The two principles are roughly these: First, carbon dioxide (and other "greenhouse gases") absorb heat from infrared radiation, while the more basic components of the atmosphere (oxygen and nitrogen) do not. This fact can be demonstrated in table-top experiments, e.g. Second, the earth's surface itself emits infrared radiation when it is warmed by the sun, which, in turn, warms the atmosphere, which then emits radiation as well, thus increasing the overall temperature of both air and land.

Some understanding of these principles leads to the conclusion that global temperature will increase as the amount of carbon dioxide increases, other things being equal. This fact was well understood by the end of the 19th century. Thus, if we understand these principles, we can see that the burden of proof now shifts to those who want to say that warming will not occur. Other things being equal, it must occur.

The extensive efforts of climate scientists have thus been mainly about determining whether these other factors are in fact equal, or whether some of them might reduce -- or increase -- global warming. It turns out that some reduce it and some increase it, leading to uncertainty about how large the effect will be, quantitatively. (This uncertainty poses risks of its own, as the effect could be larger than expected as well as smaller.) The 5% and the 95% may disagree about the relative importance of these other factors, without denying the basic facts.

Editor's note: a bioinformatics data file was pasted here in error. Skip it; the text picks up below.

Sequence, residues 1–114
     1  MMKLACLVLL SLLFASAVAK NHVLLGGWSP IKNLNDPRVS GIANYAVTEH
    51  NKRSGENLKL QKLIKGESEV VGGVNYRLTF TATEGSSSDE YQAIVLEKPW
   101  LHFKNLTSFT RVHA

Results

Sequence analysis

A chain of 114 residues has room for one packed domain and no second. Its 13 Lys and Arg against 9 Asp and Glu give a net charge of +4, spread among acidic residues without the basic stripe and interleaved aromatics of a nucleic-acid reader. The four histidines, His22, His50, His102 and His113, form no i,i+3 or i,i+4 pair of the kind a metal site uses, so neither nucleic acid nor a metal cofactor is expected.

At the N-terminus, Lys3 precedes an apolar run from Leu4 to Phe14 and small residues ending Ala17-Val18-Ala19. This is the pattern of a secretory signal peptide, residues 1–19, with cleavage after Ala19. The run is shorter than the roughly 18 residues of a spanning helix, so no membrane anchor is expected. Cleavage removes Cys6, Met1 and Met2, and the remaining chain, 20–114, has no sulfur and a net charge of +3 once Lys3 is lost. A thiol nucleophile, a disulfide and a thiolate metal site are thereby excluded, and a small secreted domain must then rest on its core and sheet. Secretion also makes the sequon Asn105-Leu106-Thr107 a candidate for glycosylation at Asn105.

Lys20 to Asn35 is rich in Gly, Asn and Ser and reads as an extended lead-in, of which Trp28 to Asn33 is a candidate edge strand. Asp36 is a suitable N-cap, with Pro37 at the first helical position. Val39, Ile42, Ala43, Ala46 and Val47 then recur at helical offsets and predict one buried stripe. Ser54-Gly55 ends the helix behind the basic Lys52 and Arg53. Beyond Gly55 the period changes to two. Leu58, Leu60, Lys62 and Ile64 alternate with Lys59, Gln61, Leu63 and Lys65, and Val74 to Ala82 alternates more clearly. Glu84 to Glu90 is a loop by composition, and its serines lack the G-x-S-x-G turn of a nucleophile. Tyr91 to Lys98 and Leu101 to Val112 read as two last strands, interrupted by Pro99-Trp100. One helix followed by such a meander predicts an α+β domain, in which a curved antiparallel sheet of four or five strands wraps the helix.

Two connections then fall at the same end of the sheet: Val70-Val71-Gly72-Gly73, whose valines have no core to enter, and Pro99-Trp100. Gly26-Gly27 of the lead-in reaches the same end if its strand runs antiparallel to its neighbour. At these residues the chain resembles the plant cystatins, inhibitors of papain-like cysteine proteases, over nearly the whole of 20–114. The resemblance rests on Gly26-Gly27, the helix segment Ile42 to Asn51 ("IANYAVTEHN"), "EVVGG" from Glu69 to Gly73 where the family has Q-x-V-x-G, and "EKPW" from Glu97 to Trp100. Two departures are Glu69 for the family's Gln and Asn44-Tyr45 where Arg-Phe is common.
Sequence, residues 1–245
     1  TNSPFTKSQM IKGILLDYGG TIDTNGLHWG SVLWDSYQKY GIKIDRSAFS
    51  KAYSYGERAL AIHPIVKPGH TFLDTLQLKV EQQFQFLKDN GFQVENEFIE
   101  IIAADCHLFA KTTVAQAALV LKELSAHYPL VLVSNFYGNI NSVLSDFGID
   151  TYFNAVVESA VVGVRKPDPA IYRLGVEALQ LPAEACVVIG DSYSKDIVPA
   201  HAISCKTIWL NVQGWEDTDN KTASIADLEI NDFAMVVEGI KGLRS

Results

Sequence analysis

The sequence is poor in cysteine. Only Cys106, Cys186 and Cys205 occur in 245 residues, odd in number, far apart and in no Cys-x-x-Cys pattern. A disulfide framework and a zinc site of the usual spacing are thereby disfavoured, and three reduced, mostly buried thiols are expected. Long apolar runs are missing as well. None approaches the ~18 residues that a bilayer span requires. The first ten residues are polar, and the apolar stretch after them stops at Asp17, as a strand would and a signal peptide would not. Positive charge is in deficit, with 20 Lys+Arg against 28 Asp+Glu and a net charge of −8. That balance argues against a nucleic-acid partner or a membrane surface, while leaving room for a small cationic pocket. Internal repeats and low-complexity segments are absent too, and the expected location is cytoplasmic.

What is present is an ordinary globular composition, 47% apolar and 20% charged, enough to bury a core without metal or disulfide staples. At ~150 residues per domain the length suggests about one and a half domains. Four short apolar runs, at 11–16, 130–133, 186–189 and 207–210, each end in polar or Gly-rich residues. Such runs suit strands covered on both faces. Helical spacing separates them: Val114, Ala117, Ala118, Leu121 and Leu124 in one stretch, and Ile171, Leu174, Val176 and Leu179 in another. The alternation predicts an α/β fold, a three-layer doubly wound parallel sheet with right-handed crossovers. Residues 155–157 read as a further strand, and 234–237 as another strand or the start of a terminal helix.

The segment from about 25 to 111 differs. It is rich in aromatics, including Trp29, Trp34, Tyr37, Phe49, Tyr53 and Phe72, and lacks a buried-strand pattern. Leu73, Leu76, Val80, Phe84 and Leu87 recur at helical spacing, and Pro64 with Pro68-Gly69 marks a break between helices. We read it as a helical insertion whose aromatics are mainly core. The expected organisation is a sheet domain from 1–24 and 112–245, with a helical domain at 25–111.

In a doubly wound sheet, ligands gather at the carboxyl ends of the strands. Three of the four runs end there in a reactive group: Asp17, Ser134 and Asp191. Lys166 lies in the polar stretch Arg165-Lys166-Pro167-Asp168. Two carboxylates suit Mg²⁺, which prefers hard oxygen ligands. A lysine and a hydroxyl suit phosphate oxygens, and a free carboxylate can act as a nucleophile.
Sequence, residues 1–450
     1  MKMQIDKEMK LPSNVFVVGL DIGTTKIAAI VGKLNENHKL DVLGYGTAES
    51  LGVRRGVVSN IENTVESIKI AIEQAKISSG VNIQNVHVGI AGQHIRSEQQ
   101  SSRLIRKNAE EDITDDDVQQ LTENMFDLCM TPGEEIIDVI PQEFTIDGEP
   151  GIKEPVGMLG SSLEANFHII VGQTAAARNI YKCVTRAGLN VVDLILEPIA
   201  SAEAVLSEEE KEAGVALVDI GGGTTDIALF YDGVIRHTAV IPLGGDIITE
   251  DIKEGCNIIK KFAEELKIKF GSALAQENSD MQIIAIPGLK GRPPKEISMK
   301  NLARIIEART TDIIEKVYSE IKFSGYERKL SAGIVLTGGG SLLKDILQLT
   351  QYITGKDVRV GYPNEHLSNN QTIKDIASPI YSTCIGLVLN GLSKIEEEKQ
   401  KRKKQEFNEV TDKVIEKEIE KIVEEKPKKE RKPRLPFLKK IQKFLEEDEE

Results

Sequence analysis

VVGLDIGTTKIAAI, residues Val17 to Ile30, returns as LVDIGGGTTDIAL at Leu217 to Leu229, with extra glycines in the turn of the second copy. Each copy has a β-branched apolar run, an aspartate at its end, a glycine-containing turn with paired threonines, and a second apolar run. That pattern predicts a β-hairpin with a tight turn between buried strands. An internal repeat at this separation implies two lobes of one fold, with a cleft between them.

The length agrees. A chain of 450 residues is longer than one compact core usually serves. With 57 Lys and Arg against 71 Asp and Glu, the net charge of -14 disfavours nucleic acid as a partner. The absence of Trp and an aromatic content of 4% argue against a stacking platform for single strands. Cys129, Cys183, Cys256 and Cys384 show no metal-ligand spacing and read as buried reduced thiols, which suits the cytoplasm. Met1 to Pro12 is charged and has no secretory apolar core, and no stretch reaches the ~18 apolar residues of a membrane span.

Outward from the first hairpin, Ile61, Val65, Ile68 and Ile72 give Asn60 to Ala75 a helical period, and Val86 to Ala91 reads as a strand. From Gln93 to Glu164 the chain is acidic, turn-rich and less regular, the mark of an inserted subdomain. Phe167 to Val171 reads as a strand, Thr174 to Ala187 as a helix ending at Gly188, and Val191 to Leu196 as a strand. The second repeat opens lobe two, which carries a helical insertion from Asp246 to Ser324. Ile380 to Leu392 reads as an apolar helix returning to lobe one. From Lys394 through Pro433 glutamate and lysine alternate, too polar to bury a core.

My conclusion is that, if people understood the basic science, they would have some additional reason to trust the expert consensus. It might help even if they just knew that it existed.  Some attempt to explain the basic science should be part of the public argument. It should not be limited to high-school science courses.

Likewise, actively open-minded thinking itself should be understood, not just accepted on the basis of authority.